"It’s a combination of very stressful and very comforting," admits Vayne, reporting from Day Three of co-isolation. "At first I found myself especially stressed and short-tempered earlier this week, and knowing myself, I was worried I would totally push him away or self-sabotage. But it’s actually been really comforting to have someone to talk to. It’s definitely expedited some honesty which has been helpful—we were already really open communicators, but he’s seen me cry and watched me freak out more in the last three days than anyone else I’ve ever dated has ever seen."

Vayne and her partner are trying to not just talk about COVID, both to avoid anxiety spiralling and to keep getting to know each other. It's an intense situation to be thrown into in the early days of a romance, but ultimately, as Vayne sees it, a good chance for a relationship to sink or swim. "It’s definitely an early look into how people handle stress and uncertainty—which is probably for the best."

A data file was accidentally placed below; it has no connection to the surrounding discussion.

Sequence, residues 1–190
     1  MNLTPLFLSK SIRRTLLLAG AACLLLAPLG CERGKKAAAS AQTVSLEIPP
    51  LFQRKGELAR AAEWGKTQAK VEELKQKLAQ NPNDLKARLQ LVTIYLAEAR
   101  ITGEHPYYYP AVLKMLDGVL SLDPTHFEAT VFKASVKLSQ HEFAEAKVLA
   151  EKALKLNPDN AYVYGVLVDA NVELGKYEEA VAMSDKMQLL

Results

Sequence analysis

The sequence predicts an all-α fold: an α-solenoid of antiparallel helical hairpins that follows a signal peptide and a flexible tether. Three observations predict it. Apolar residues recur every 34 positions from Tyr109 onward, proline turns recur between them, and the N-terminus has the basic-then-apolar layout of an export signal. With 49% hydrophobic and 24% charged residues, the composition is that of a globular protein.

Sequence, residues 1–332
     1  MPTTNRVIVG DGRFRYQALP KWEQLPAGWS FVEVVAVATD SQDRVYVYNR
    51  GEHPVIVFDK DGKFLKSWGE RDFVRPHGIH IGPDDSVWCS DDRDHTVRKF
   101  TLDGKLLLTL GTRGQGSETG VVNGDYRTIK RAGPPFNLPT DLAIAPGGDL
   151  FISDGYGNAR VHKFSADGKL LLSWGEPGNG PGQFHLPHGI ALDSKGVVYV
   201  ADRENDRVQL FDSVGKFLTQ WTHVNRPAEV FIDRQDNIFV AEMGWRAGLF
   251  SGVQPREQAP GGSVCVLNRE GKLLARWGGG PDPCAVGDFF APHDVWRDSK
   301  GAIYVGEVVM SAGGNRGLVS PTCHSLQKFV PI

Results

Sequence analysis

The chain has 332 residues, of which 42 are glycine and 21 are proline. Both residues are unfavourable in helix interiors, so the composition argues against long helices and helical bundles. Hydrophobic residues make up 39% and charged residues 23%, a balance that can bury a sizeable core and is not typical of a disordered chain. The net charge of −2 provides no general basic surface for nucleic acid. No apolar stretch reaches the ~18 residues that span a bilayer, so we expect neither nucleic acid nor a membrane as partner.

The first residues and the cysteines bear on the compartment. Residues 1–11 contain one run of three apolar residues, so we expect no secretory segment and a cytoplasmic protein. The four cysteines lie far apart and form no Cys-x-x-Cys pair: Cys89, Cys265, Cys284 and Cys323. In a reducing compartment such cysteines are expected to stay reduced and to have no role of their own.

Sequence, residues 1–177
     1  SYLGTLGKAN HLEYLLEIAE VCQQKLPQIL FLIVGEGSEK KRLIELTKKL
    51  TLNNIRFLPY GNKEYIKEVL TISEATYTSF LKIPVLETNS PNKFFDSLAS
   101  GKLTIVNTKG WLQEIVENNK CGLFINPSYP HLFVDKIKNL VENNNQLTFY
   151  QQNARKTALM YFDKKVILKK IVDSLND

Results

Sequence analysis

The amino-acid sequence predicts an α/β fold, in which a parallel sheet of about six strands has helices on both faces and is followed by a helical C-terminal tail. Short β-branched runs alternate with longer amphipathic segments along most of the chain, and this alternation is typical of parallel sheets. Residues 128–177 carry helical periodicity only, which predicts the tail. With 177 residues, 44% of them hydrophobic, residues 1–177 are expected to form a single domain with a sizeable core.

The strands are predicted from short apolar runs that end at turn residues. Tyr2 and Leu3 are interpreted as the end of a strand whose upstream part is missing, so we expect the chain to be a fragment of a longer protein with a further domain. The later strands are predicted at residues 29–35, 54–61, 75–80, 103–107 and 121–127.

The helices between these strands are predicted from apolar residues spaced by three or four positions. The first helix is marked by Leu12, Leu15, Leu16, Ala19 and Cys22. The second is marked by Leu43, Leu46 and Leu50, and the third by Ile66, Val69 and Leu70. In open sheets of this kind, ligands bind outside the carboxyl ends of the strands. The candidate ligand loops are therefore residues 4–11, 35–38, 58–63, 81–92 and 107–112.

Of course, as things change so quickly and relationships new and old are thrown into strange new circumstances, some Vancouverites believe that behaviours really don't change that much. Taryn Hardes, a 31-year-old marketing consultant, reports that she actually hasn't seen notoriously cold local loverboys change their habits at all. "No dates before the pandemic, no dates during the pandemic."